Dr Kate Leeming is often told she's 'mad'.
An accomplished athlete and explorer, Kate has cycled the equivalent of twice around the world at the equator, braving extreme weather conditions and hostile terrains, even skirting around the edges of civil war. In response, she has chosen to redefine what 'mad' means; Making A Difference.
Yesterday, Kate visited with students from Buckley House and will do the same with primary students at Plenty Campus on Thursday. In her presentation, she talks about her various expeditions including the 2010 Breaking the Cycle journey across Africa and her upcoming Breaking the Cycle South Pole expedition. Ivanhoe Grammar School will be connecting with Kate on the planned South Pole expedition via video link, following along on her journey to make the first bicycle crossing of the Antarctic continent via the South Pole. Trips like these require months of preparation, with Kate commenting that most of the work happens "before you even get on the bike." Building partnerships, raising funds and in the case of the South Pole trip, inventing an entirely new kind of bike capable of roughing the freezing conditions. Kate demonstrated for the students how her custom-made 'Fat Bike' works. Looking part mountain bike, part motorcycle it is 100% leg powered with all-wheel drive capability. She worked closely with the designer to create a bike that could handle the task.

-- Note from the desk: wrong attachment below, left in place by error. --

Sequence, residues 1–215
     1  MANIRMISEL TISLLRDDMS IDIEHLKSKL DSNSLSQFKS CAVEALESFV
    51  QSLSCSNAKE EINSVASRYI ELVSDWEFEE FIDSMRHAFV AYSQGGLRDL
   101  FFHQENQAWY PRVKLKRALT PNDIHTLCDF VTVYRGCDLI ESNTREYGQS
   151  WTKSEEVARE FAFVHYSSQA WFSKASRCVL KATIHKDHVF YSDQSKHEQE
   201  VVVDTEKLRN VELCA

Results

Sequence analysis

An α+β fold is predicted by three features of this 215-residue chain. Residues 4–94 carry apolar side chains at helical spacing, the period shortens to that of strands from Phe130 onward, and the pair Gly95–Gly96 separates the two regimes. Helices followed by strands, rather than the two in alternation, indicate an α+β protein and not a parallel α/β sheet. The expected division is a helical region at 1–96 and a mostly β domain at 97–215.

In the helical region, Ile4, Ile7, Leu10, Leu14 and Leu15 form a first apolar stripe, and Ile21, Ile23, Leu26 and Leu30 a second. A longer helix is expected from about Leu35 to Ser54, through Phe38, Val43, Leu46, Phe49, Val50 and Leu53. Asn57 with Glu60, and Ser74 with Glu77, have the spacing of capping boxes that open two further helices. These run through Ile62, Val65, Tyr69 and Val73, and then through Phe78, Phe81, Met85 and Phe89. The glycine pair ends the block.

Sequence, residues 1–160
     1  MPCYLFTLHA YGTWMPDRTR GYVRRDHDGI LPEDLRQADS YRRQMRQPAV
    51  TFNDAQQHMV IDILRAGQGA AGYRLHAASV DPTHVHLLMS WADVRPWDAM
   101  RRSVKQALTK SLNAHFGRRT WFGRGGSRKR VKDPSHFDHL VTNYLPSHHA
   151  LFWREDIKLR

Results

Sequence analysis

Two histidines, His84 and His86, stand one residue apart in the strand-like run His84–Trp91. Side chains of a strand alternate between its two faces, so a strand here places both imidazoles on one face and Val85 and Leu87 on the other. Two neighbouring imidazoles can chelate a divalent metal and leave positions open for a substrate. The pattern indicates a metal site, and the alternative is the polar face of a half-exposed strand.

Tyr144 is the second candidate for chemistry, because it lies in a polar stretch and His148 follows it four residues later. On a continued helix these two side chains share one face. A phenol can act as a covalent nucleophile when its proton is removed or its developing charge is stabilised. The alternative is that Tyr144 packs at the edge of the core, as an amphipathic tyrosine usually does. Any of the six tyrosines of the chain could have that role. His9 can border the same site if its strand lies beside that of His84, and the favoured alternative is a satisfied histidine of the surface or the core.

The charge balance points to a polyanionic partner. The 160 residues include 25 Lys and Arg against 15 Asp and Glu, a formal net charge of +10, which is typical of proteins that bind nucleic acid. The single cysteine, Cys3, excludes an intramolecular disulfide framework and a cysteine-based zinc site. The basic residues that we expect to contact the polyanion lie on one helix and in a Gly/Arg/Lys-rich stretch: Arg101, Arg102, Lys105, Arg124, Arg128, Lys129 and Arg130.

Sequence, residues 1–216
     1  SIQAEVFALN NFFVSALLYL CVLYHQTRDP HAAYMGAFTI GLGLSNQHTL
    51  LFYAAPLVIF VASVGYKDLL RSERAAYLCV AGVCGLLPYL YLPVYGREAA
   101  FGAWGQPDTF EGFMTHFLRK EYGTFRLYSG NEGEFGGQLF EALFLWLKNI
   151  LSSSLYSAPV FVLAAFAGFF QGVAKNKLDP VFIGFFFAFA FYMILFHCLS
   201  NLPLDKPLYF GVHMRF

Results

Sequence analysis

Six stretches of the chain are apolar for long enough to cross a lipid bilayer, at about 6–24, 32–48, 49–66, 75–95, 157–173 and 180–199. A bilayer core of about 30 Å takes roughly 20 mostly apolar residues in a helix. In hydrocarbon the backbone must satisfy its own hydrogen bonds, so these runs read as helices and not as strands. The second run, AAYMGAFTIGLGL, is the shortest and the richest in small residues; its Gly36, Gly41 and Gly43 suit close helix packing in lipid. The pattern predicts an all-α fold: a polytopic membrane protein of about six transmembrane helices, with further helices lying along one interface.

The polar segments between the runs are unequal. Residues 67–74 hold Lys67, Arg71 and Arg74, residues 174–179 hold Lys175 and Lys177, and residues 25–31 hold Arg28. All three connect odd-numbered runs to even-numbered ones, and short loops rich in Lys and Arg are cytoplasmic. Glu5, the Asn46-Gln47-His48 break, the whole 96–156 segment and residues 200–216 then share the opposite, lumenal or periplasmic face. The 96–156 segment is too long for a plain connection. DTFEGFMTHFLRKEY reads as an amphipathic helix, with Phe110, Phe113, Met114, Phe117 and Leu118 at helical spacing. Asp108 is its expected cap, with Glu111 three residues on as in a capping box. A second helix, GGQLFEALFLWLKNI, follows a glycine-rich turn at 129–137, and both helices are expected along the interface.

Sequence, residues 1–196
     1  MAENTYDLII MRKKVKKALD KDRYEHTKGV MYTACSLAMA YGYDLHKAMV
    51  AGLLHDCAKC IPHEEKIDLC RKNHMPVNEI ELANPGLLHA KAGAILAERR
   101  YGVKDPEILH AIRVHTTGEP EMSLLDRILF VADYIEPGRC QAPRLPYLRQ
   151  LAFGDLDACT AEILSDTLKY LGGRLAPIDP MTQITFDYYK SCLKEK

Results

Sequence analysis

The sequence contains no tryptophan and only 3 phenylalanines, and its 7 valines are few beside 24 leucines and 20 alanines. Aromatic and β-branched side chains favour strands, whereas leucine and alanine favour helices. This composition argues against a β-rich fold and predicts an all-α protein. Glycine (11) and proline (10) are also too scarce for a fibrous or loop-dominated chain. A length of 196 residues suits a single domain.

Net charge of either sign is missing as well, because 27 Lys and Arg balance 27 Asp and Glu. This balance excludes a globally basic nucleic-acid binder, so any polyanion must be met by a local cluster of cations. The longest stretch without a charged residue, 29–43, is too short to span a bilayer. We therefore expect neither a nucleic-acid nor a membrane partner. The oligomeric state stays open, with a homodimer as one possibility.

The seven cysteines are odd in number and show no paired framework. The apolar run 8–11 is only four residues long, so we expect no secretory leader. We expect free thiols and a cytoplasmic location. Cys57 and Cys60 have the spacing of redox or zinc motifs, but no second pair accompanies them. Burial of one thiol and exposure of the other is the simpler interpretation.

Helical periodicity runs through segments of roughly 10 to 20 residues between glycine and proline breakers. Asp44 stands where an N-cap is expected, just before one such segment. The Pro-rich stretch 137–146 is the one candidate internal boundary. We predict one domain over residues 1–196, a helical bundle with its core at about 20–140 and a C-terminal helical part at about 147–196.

Many students had questions for Dr Leeming at the end of her presentation, most tackling issues of mechanics and preparation. But when a student asked who was her 'idol', she insisted she didn't have one. "I don't believe in idolising, but I am inspired by all the great explorers." This included her own great uncle who once cycled from Western Australia to Melbourne to propose to his future wife. (She said yes.) Another student asked if her parents worried about her when she went on such intrepid adventures. "My parents will always worry, but they are also proud. And when I was awarded an honorary doctorate, they were very proud!"
Kate's African expedition was the basis for her documentary, Njinga which won Best Documentary, Best Cinematography and was runner-up for Best Director at the Action on Film International Film Festival in LA. The documentary charts her 22,000-kilometre journey by bike from Senegal to Somalia and the diverse communities she met along the way. Njinga tackles the link between poverty and education in many parts of Africa, particularly for young girls, and the devastating effects of long-standing civil war. But it also shows what communities are capable of when they work together, as she discovered when she met the inspirational women at the Hargeisa School of the Deaf in Somaliland, Somalia. Njinga is essential viewing for anyone who wants to be inspired to see what is possible through hard work and commitment.
As part of the Global Goals Series, the Global Citizenship Centre has organised a special Ivanhoe Grammar School community screening of Njinga at Palace Cinemas Westgarth on Monday 7 May 2018. Very limited tickets are available. Book here before Friday 27 April.